Web-based dissemination reaches large audiences at lower cost and enables rapid distribution of programs and products. This efficiency contributed to the success of the Butterflies in Space project, a collaboration of BioServe Space Technologies (University of Colorado), BCM, the U.S. National Space Biomedical Research Institute, and the U.S. National Aeronautics and Space Administration (NASA) (see the figure, below). Lesson materials, photos, and videos of Painted Lady butterflies living on the International Space Station during November and December 2009 were posted on BioEd Online and K8 Science. Students were able to access this content in near real time and then design their own experiments to compare space-based organisms with specimens living in their own classrooms. Close to 2900 teachers (representing 172,000 students in 23 countries) registered their classes to participate in the project, which offered a first-hand view of the butterflies' life cycle and attempts to fly in microgravity.

The Butterflies in Space project.

A recently emerged Painted Lady butterfly spreads its wings on the International Space Station, amid specks of floating waste. BioEd Online disseminated related teaching materials and photos to classrooms around the world.

PHOTO CREDIT: NASA/BIOSERVE SPACE TECHNOLOGIES/UNIVERSITY OF COLORADO

Partnerships expand the breadth and depth of resources on BioEd Online and K8 Science. Members of several BCM departments have provided presentations, content for courses, or editorial review. Partnerships with Nature and EarthSky Communications have allowed us to make content written for general or scientific audiences more useful to teachers by linking it to education standards and lessons. We are collaborating with the Houston Independent School District to enhance a year-round, face-to-face elementary teacher professional development program with customized online science content and lessons. The Web-based resources are matched, by grade level and topic (such as “magnets” or “animal behavior”), to the district's entire elementary school curriculum.

The most comprehensive offering thus far on BioEd Online is Genes, Health, and Society, a complete asynchronous course designed for high school teachers and undergraduate students. It covers a range of genetics topics, including biomedical applications of genomics. The course's first module was piloted with 28 undergraduate “pre-med” majors, 27 of whom reported that they were either “satisfied” or “very satisfied” with the overall experience. Learning gains demonstrated by students on matched before-and-after multiple-choice assessments were statistically significant. We are using the Genes, Health, and Society model to develop courses for teachers on cell and molecular biology and physical science, earth and space sciences, and environmental health science.

The challenges facing the U.S. science education community are of national importance. How do we bolster the science knowledge and teaching skills of thousands of teachers, each with unique professional development and classroom teaching needs? How do we accommodate multifarious local requirements for curriculum, content, and resources? And how do we address these issues in cost- and time-efficient ways? Online approaches are not the only answer to our nation's science education challenges, but they represent an important strategy for our collective response as a science community.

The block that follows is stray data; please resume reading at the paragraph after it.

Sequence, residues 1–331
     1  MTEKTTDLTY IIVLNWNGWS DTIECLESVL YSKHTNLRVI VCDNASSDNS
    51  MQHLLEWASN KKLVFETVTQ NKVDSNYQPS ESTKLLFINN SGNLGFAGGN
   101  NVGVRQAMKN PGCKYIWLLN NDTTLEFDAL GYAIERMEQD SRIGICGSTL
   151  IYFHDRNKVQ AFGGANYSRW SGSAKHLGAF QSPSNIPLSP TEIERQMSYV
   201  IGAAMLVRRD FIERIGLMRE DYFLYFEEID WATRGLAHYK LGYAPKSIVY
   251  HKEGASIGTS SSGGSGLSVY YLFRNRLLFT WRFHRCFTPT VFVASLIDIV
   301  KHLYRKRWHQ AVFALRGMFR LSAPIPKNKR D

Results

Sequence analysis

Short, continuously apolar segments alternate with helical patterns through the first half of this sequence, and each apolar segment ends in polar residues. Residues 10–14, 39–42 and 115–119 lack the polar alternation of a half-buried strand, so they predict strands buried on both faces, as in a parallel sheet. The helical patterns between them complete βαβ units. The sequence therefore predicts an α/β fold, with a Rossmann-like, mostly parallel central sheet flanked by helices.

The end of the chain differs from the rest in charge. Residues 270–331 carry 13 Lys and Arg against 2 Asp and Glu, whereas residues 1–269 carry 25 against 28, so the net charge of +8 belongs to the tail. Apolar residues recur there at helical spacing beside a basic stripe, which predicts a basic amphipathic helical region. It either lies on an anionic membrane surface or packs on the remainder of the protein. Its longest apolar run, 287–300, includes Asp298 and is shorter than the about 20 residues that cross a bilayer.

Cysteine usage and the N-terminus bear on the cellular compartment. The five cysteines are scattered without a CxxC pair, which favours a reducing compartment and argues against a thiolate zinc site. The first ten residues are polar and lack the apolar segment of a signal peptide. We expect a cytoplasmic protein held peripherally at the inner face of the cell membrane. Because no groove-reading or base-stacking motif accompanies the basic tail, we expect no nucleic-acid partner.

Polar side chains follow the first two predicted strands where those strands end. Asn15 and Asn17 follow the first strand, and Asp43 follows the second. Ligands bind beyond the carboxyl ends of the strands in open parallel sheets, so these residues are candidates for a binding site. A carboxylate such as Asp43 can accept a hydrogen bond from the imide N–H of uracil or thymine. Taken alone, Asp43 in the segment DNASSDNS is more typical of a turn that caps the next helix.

About the Authors

Nancy P. Moreno, editorial director of BioEd Online and K8 Science, received a Ph.D. in biology from Rice University. She is Professor of Allied Health Sciences and Family and Community Medicine and is senior associate director of the Center for Educational Outreach at BCM, where her work focuses on science education partnerships, including the use of Web-based approaches.

PHOTO CREDIT: ROBERT DICKEHUTH/BAYLOR COLLEGE OF MEDICINE

Deanne B. Erdmann received her B.S. and M.S. in biology from Stephen F. Austin State University. She was a biology teacher for 29 years and science department chair for 9 years before joining the Center for Educational Outreach at BCM, where she is assistant professor of Allied Health Sciences and managing editor of BioEd Online and K8 Science.

PHOTO CREDIT: ROBERT DICKEHUTH/BAYLOR COLLEGE OF MEDICINE

References and Notes

  1. Supported by Houston Endowment Inc.; Howard Hughes Medical Institute 51006084 and 51004102; Science Education Partnership Awards R25 RR18605 and R25 RR13454, National Center for Research Resources (NIH); National Space Biomedical Research Institute NASA NCC 9-58; National Institute of Environmental Health Sciences (NIH) R25 ES10698; National Science Foundation DRL-0723433 and DGE-0440525; Robert Wood Johnson Foundation 57363; National Heart, Lung, and Blood Institute (NIH) R25 HL75747; National Institute of Allergy and Infectious Diseases (NIH) R25 AI084826; RGK Foundation; the Powell Foundation; and the Houston Independent School District. We thank BCM's Center for Collaborative and Interactive Technologies, School of Allied Health Sciences, and Evenings with Genetics; the Baylor–University of Texas Houston Center for AIDS Research; EarthSky Communications, Inc; Nature Publishing Group; BioServe Space Technologies; Children's Museum of Houston; Texas A&M University; and the American Physiological Society. Special thanks to J. P. Denk.